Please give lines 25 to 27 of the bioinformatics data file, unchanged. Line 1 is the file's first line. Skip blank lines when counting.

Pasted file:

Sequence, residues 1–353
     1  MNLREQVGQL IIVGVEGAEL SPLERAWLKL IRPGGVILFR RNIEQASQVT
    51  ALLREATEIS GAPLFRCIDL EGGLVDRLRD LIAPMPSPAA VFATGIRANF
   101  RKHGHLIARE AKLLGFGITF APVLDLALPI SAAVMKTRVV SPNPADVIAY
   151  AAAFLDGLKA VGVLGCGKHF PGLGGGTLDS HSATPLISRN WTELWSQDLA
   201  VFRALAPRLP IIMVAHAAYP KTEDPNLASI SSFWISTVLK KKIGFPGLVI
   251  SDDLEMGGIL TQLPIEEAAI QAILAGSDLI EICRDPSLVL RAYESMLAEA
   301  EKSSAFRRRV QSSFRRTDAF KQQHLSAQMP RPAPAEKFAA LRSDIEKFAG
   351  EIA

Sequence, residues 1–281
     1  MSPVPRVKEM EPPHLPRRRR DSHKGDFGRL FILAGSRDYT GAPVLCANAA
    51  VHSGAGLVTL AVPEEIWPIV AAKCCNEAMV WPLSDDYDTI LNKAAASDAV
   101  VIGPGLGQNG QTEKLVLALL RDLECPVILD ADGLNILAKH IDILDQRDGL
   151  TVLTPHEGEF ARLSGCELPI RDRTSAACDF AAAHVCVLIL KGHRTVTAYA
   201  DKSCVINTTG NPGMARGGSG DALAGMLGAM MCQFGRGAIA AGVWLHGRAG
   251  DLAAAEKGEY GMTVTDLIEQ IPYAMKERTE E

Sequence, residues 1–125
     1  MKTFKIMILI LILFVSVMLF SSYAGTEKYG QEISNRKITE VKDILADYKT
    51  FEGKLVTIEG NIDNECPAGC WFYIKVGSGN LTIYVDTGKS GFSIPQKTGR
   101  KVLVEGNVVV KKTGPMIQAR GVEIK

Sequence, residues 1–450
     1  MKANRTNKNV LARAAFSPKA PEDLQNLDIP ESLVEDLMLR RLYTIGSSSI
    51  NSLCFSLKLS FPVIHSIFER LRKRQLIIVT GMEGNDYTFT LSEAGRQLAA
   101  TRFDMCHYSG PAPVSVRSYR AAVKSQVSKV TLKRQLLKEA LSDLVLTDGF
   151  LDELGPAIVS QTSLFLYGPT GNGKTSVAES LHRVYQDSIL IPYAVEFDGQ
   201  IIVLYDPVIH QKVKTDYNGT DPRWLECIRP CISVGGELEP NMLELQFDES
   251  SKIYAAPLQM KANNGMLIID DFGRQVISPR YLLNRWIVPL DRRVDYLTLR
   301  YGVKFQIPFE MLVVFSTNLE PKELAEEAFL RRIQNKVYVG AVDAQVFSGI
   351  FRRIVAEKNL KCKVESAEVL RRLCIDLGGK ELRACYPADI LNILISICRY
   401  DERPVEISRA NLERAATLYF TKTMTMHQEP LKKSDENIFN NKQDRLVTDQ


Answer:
   151  LDELGPAIVS QTSLFLYGPT GNGKTSVAES LHRVYQDSIL IPYAVEFDGQ
   201  IIVLYDPVIH QKVKTDYNGT DPRWLECIRP CISVGGELEP NMLELQFDES
   251  SKIYAAPLQM KANNGMLIID DFGRQVISPR YLLNRWIVPL DRRVDYLTLR